There is some doubt concerning the identity of De Candolle's B. aristata. It would be beyond the scope of a general work such as this to explain or solve this involved problem, and indeed there is no necessity to do so, since all the plants that have been grown in gardens as “B. aristata” are referable to other, better defined species. Some are certainly B. glaucocarpa (q.v.), which is, at least in part, the barberry described under the name B. aristata in previous editions of this work. Other species that have been grown under that name, or been associated with it as varieties, are given short descriptions below. All belong to the subsection Chitriae.
B. chitria Hort., and of Bot. Reg., t. 729 (figure only), not Lindl.; B. aristata of many authors, not DC. – A deciduous shrub up to 10 or 12 ft high, of spreading habit; young shoots finely downy, reddish brown the second year; spines very often simple but sometimes three-parted, 1⁄2 to 1 in. long. Leaves obovate to oval, often narrowly so, edged with fine teeth or almost toothless; 1 to 3 in. long, bright green on both sides. Flowers pale yellow, 3⁄8 in. wide, numerously borne in June and July on loose pendulous panicles up to 6 in. long. Fruits oval-oblong, dark red with a slight bloom on them, 1⁄3 to 1⁄2 in. long, with a conspicuous style.
Native of the Himalaya; introduced in 1823 and long believed to be the true B. aristata of De Candolle. It is a well-defined species, easily distinguished from its allies by its paniculate inflorescence with the flowers in groups of three, but unfortunately it lacks a valid name (see footnote).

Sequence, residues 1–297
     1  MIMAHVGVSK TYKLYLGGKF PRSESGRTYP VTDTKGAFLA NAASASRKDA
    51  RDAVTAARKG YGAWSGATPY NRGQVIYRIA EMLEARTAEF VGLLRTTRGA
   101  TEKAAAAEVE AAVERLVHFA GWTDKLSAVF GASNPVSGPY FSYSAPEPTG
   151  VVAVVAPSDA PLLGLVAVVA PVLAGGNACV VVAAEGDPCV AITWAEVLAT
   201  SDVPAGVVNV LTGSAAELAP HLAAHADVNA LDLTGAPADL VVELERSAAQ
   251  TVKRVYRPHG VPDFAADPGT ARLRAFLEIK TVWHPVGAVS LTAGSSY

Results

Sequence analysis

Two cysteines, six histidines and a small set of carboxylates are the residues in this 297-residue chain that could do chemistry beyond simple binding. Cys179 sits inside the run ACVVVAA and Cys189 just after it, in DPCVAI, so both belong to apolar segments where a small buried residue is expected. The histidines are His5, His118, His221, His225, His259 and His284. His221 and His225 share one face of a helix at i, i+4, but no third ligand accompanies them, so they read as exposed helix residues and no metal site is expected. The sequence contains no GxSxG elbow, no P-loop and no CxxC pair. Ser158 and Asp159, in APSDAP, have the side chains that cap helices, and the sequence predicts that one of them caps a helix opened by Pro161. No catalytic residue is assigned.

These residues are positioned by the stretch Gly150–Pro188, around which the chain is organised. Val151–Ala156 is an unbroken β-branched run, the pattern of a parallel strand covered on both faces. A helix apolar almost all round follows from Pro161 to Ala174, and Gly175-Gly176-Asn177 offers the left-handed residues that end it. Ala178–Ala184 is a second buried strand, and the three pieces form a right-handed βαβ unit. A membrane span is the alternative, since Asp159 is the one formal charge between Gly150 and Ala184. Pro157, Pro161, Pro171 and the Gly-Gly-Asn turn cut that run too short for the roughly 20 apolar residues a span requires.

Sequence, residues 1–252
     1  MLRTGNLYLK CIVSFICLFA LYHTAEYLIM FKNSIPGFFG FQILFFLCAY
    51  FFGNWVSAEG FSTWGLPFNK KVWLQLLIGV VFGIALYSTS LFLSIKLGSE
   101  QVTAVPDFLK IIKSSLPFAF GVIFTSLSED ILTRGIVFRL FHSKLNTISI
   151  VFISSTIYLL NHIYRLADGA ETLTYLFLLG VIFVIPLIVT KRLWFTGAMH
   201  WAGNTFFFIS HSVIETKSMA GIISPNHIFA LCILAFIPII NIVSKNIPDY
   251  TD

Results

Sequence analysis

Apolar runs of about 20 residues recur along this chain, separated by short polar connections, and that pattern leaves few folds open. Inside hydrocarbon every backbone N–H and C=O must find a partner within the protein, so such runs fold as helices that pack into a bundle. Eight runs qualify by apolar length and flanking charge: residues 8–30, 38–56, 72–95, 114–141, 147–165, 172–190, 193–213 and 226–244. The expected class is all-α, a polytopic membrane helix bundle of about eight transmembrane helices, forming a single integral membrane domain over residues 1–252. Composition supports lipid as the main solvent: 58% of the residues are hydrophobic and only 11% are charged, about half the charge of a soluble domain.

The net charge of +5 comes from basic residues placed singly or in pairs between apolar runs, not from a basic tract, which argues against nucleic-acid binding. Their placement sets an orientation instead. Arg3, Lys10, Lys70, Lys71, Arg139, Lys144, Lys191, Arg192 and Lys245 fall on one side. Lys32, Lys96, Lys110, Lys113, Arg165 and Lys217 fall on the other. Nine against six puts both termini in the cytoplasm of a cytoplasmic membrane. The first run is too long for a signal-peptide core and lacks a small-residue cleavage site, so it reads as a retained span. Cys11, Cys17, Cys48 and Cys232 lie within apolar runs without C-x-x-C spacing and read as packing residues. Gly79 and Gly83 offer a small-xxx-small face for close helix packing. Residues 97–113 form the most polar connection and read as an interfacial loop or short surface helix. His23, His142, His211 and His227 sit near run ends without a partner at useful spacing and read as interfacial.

B. coriaria Lindl. B. aristata var. coriaria (Lindl.) Schneid.; B. aristata var. floribunda (G. Don) Hook. f. & Thoms., in part. – A vigorous semi-deciduous shrub growing to 10 ft high; stems glabrous, pale yellow when mature; spines three-parted, about 1 in. long. Leaves obovate, 4⁄5 to 2 in. long and 1⁄3 to 4⁄5 in. wide, green above and below, margins entire. Inflorescence a stiff raceme with ten to twenty-five flowers. Fruit oblong, bright red, about 1⁄2 in. long, crowned by the short, persistent style. Native of the W. Himalaya and a fine fruiting shrub.
B. floribunda G. Don B. aristata var. floribunda (G. Don) Hook. f. & Thoms., in part; B. macrophylla Hort. – This species somewhat resembles B. coriaria, from which it chiefly differs in its dark red, bloomy fruits. The cultivated plants were apparently first distributed by Späth's nursery, Berlin, about 1905. Native of the Himalaya. Dr Ahrendt considers that most of the plants grown as “B. aristata” belong here.
B. sikkimensis (Schneid.) Ahrendt B. chitria var. sikkimensis Schneid.; B. aristata var. micrantha Hook. f. & Thoms., in part. – A semi-evergreen shrub to about 5 ft high. It is allied to B. chitria, from which it differs in the grooved stems, the smaller leaves and, most markedly, in the inflorescence, which is a condensed, umbel-like raceme. Bot. Mag., n.s., t. 173. It is in cultivation at Kew and quite hardy there, though little known in gardens.
For the reasons pointed out by Dr Stapf under Bot. Mag., t. 9102, B. chitria Lindl. is not a legitimate name for this species; it is, however, maintained here for the convenience of gardeners until a new name for it is published.